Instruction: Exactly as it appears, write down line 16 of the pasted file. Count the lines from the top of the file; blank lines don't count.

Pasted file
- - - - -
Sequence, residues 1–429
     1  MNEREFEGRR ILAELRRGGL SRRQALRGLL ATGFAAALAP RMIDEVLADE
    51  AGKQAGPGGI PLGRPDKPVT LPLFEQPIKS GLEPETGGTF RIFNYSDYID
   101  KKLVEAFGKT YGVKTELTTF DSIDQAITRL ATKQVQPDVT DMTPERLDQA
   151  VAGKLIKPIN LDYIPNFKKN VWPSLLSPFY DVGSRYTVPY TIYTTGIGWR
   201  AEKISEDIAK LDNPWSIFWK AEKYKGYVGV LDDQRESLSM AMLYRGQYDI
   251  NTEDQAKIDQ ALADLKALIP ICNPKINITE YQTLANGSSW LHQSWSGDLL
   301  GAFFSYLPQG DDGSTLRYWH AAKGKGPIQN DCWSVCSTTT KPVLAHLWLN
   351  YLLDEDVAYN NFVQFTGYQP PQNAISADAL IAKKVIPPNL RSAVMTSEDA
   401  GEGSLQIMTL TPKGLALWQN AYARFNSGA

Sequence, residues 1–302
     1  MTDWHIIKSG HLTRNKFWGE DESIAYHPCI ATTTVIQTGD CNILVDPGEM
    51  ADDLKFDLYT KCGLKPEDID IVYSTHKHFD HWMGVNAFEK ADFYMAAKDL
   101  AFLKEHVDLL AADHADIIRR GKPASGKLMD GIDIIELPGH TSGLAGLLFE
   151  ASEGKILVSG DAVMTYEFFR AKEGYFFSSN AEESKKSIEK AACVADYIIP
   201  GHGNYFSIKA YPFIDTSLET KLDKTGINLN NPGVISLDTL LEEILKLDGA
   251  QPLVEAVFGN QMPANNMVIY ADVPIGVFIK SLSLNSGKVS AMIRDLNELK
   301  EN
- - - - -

   201  GHGNYFSIKA YPFIDTSLET KLDKTGINLN NPGVISLDTL LEEILKLDGA